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From science (Old French science, from Latin scientia (knowledge), from sciens, the present participle stem of scire (know)) + -cracy (Ancient Greek -κρατία (-kratía), from κράτος (krátos, power, rule)); first known use in 1887.


scientocracy (countable and uncountable, plural scientocracies)

  1. An elite community of scientists.
    • 1887, Florence Caddy, Through the fields with Linnaeus: a chapter in Swedish history, volume 1‎, page 294:
      His lesson in Hamburg had taught him that a novus homo must not be arrogant when he enters the society of the scientocracy, and that he must not run himself rashly against vested interests.
    • 1968, Center for the Study of Democratic Institutions, Center occasional papers, volume 3, number 3‎, page 75:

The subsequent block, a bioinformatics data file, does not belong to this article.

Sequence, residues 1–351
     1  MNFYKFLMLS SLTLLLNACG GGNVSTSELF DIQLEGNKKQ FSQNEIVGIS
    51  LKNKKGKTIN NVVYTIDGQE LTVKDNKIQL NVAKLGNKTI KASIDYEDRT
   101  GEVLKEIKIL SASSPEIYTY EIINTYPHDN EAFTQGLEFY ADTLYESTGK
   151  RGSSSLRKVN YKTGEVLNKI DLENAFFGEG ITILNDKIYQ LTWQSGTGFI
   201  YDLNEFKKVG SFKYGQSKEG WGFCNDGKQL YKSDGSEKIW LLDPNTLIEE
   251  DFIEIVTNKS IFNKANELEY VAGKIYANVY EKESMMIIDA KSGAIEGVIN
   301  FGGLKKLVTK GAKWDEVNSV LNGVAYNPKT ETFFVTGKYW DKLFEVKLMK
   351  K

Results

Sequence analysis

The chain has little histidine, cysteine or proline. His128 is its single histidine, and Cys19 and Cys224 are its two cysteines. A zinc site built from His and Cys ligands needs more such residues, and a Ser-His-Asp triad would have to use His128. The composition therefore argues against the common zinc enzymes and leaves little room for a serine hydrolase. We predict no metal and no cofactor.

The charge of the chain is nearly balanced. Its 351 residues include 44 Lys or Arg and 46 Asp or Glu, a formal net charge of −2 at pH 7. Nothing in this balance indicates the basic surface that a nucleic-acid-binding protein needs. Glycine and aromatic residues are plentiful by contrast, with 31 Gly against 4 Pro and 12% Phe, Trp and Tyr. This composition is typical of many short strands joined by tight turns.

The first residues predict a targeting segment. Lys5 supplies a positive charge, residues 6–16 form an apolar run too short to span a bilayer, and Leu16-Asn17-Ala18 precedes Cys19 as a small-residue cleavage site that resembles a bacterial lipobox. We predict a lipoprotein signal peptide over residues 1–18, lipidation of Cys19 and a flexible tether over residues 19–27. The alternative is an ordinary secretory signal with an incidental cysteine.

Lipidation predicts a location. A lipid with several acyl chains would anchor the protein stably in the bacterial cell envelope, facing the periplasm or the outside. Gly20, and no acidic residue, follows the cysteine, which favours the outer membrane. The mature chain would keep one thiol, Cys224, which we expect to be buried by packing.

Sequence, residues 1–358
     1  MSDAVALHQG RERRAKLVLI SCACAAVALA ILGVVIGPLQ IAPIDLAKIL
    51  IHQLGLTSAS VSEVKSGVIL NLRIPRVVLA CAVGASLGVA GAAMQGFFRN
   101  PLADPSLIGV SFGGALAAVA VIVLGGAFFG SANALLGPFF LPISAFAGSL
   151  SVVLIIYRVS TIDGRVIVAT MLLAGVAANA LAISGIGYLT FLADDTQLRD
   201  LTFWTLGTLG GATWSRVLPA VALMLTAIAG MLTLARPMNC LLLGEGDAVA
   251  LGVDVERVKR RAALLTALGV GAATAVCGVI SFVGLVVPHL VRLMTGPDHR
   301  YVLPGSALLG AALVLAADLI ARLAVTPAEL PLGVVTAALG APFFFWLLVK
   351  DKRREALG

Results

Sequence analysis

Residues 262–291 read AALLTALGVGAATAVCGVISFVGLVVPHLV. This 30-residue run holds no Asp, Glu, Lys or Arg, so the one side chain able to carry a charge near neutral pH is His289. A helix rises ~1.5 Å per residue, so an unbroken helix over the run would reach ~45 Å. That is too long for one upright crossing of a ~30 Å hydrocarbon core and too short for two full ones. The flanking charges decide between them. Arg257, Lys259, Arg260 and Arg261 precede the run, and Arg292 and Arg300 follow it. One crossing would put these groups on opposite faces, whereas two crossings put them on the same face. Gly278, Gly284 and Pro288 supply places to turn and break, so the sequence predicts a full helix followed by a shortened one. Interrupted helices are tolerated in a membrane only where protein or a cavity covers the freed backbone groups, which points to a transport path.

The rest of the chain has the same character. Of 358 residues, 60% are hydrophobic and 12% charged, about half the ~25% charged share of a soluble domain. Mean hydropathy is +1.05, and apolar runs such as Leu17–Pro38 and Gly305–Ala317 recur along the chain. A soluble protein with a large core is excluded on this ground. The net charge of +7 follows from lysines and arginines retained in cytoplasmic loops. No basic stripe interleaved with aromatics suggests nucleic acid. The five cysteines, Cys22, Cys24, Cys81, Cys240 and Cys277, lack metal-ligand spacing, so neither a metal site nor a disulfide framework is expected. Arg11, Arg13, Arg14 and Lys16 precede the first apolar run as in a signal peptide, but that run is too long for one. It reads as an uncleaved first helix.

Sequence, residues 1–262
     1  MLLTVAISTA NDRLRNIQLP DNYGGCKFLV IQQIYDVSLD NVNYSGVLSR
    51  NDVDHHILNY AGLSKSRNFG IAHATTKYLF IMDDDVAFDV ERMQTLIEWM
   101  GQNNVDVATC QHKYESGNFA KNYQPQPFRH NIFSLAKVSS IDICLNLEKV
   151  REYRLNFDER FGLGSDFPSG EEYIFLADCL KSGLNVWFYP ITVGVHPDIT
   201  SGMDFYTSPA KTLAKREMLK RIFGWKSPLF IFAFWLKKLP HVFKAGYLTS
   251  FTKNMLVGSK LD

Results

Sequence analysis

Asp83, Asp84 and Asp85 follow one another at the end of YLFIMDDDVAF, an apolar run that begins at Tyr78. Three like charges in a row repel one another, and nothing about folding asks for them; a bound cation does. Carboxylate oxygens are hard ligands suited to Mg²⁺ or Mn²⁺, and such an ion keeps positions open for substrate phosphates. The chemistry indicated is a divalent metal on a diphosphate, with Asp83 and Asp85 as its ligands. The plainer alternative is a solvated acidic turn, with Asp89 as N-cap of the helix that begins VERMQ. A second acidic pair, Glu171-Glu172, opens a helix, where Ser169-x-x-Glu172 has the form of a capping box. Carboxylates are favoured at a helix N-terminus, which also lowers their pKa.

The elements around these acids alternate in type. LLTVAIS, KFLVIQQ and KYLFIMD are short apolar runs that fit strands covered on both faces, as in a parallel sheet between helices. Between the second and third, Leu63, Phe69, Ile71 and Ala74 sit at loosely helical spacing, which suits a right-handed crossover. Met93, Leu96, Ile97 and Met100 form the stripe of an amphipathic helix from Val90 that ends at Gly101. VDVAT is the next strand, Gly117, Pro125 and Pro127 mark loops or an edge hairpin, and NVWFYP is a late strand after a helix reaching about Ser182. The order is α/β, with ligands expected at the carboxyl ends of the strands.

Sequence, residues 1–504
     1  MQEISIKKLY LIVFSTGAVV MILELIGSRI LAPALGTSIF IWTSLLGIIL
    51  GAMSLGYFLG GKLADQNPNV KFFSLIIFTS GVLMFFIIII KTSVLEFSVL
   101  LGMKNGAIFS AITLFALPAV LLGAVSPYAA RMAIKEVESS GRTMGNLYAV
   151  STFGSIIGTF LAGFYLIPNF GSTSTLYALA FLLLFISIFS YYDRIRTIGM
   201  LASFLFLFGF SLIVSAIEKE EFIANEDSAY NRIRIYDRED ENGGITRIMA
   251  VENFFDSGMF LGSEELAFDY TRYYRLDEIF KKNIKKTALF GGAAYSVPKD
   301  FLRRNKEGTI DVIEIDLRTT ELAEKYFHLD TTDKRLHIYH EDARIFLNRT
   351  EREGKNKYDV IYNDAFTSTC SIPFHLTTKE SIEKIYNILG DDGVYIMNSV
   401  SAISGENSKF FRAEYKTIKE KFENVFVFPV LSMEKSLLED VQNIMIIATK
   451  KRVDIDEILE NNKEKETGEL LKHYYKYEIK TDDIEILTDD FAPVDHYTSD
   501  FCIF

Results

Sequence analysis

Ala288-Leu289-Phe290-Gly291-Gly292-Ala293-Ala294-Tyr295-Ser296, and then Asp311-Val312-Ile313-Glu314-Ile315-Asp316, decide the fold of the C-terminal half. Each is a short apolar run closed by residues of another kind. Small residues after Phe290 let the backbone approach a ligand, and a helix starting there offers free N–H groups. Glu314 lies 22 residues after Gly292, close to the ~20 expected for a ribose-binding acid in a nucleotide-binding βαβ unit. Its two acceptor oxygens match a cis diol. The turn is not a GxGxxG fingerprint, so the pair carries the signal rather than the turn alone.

It could only appear through some dictatorial coup d'etat by a future scientocracy.
    • 2000, Charles Edgley, A Nation of Meddlers‎, page 43:
      the roots of which lie in the curious marriage of the prohibitionist spirit and the new scientocracies that govern our lives.
  1. The practice of basing public policies on science. A government of the people, but informed by scientists.
    • 2009, Peter Ubel, Scientocracy: Policy making that reflects human nature.:
      When I talk about Scientocracy, then, I'm not talking about a world ruled by behavioral scientists, or any other kind of scientists. Instead, I am imagining a government of the people, but informed by scientists.

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